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Animating a 3D flip effect using transition(with:)

There's a reason I've made you put the card functionality into a separate view controller, and it's because we're going to be adding some functionality to cards to handle them being flipped over. iOS makes this kind of animation really easy, but it's done in a slightly different way to our previous animations.

To handle tap detection we're going to use a UITapGestureRecognizer rather than something like touchesBegan. This will make more sense later on, but the TL;DR version is that part of the hoax effect will be you running your finger over the cards using your powers to "feel" for the star – something like touchesBegan() will just cause problems.

So, please add this gesture recognizer to the end of viewDidLoad() in the CardViewController class:

let tap = UITapGestureRecognizer(target: self, action: #selector(cardTapped))
back.isUserInteractionEnabled = true
back.addGestureRecognizer(tap)

We haven't written the cardTapped() method yet, but it's trivial because all it will do is pass the message on to the ViewController class to handle. This is important: we need each card to decide if it was tapped, but we need to pass control onto the ViewController class to act upon the tap, otherwise it's possible users might tap two cards at the same time and cause problems.

So, the cardTapped() method in the card view controller is simple:

@objc func cardTapped() {
    delegate.cardTapped(self)
}

Of course, that just pushes all the work to the ViewController class, where things get more complicated. The cardTapped() method there needs to:

  • Ensure that only one card can be tapped at any time
  • Loop through all the cards in the allCards array.
  • When it finds the card that was tapped, animate it to flip over then fade away.
  • For all other cards, animate them fading away.
  • Reset the game after two seconds so that more cards appear.

We'll be doing the animation using methods inside CardViewController, and resetting the game is done just by calling loadCards(), so that's all straightforward. But what's the best way to ensure that only one card can be chosen by the player?

It turns out this is pretty easy: as soon as the user taps any card, we're going to disable user interaction for our main view. We can then check that property inside the cardTapped() method using the guard keyword, then set it back to true inside loadCards().

To make things slightly more interesting, I want to introduce you to the perform() method family. These exist on objects that inherit from NSObject, which is both our view controllers, and allow us to call a method after a delay or in the background really easily.

Let's take this step by step. First, here's the cardTapped() method for the ViewController class:

func cardTapped(_ tapped: CardViewController) {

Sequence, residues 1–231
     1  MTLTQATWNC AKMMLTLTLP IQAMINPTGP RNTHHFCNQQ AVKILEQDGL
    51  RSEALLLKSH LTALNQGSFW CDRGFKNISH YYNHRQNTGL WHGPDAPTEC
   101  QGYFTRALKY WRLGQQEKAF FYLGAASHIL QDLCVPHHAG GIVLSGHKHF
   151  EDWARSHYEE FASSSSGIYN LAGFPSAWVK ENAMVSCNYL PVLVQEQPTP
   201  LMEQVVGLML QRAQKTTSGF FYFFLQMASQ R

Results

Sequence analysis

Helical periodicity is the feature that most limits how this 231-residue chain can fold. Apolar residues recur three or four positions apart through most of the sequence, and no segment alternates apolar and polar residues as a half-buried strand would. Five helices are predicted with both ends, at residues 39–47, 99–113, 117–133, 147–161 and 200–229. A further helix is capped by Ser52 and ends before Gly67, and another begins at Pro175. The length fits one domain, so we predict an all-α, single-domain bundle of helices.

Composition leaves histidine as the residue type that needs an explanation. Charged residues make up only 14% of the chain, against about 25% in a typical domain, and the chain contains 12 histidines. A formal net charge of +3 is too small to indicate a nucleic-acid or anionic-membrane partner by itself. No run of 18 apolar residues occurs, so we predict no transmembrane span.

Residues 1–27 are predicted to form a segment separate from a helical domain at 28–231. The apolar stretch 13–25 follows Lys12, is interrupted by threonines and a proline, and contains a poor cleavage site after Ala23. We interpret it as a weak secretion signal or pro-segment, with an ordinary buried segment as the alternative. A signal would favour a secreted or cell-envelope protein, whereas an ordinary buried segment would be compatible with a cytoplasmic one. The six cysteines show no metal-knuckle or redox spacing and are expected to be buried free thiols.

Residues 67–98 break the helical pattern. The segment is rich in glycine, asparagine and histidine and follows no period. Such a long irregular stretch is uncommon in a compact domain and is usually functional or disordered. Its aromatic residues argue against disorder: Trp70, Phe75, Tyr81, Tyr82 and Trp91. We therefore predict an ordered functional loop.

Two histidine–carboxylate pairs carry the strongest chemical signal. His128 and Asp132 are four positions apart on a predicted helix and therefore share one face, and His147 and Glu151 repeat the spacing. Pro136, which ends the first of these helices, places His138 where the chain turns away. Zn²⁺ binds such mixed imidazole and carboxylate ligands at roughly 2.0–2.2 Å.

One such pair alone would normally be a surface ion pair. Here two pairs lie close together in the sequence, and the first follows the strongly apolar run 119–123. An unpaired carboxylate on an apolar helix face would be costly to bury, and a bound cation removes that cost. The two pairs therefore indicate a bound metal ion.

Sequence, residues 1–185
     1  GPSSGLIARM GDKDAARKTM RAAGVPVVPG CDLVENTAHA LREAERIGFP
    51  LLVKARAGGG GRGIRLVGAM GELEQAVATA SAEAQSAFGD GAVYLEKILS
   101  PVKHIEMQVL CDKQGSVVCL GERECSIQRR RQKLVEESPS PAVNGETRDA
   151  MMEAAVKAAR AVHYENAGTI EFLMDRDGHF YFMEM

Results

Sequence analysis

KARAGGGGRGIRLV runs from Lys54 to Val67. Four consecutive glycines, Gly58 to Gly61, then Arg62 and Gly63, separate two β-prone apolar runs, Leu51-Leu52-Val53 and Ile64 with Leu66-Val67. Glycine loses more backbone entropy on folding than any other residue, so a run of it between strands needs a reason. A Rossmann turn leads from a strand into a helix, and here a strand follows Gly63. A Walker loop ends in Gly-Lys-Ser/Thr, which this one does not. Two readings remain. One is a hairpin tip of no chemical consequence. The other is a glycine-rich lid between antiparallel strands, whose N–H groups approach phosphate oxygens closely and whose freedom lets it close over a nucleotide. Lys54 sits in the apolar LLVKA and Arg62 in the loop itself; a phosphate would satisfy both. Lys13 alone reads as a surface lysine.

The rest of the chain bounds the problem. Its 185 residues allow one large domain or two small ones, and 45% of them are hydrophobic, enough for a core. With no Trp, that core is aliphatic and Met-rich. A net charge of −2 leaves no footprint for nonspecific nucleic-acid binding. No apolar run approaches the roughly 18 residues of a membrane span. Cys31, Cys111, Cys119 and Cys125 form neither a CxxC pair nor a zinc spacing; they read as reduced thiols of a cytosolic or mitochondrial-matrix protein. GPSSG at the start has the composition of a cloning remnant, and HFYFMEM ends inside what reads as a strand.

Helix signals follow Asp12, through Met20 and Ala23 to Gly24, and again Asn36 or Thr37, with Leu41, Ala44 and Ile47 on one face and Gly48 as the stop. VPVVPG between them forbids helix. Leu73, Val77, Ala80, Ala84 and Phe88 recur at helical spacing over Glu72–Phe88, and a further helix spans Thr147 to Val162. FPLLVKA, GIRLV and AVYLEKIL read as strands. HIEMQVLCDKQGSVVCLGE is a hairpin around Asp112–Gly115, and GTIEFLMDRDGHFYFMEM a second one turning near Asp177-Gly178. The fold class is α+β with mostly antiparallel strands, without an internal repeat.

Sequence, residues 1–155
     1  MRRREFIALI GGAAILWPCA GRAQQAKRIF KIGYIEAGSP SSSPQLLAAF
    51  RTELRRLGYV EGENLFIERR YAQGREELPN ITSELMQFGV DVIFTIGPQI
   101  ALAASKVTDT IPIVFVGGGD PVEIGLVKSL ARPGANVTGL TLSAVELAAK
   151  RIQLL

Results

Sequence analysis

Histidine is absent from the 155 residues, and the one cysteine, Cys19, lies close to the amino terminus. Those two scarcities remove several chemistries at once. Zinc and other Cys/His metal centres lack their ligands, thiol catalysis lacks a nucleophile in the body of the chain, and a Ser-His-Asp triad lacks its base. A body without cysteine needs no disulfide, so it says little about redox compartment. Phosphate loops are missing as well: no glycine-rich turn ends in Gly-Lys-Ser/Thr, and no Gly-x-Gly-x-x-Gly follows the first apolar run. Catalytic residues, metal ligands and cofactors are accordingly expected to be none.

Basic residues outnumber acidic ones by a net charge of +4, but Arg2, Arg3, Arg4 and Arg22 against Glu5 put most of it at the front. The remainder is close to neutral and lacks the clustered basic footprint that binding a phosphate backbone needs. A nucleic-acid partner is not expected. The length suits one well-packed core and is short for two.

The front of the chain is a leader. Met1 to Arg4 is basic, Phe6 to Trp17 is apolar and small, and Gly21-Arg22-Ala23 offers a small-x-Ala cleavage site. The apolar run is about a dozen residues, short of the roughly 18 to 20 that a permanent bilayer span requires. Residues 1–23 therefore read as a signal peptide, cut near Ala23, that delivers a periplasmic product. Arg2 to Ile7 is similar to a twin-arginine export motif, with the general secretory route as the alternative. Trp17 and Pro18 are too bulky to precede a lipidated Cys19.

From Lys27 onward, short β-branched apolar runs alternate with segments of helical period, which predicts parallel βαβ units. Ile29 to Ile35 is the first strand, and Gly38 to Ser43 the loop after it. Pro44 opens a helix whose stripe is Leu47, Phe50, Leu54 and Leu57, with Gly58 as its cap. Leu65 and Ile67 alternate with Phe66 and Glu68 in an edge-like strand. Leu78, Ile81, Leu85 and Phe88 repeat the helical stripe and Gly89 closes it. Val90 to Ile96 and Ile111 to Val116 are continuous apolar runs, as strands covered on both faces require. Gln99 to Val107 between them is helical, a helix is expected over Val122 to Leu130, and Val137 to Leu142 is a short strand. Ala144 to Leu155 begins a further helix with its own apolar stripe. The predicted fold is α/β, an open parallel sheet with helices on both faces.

guard view.isUserInteractionEnabled == true else { return }
    view.isUserInteractionEnabled = false

    for card in allCards {
        if card == tapped {
            card.wasTapped()
            card.perform(#selector(card.wasntTapped), with: nil, afterDelay: 1)
        } else {
            card.wasntTapped()
        }
    }

    perform(#selector(loadCards), with: nil, afterDelay: 2)
}

You can see that calls wasTapped() and wasntTapped() methods in the card view controllers, each of which will perform some animation – we'll get onto that in a moment. Using the afterDelay variant of perform() will cause wasntTapped() to be called after 1 second, and loadCards() to be called after 2 seconds.

For now, focus on the first two lines of that method: that's what stops users tapping two cards at once. By disabling the user interaction (and also checking that it was enabled beforehand) we can be sure the user gets to make only one choice. But we do need to re-enable user interaction when we're done, otherwise our app will be useless.

So, add this line somewhere into the loadCards() method:

view.isUserInteractionEnabled = true

Now all we need to do is write the wasTapped() and wasntTapped() methods of the card view controller. We'll do wasntTapped() first because it uses code you already know, so re-open CardViewController.swift and add this:

@objc func wasntTapped() {
    UIView.animate(withDuration: 0.7) {
        self.view.transform = CGAffineTransform(scaleX: 0.00001, y: 0.00001)
        self.view.alpha = 0
    }
}

That tells the card to zoom down and fade away over 0.7 seconds. Things are more interesting in the wasTapped() method because it needs to animate a 3D flip effect from the card back to the card front. But if you were imagining this was going to be hard, you're wrong: this flip effect has been around since the earliest days of iOS, so Apple made it extremely easy.

Here is the wasTapped() method in its entirety:

func wasTapped() {
    UIView.transition(with: view, duration: 0.7, options: [.transitionFlipFromRight], animations: { [unowned self] in
        self.back.isHidden = true
        self.front.isHidden = false
    })
}

As you can see, all the work is done by the transition(with:) method. This takes a view to operate on as its first parameter, and all the animations you perform need to be done on subviews of this container view. We pass .transitionFlipFromRight to create the flip effect, but you should try using the code completion to explore other options.

Inside the animations block, we just adjust the isHidden properties of the front and back image views, but in the context of .transitionFlipFromRight that will cause iOS to animate this change as a flip – it really is that simple.

That's it! Run the project now and you'll find you can tap on any card to flip it over – a neat effect with hardly any code. Thanks, iOS!

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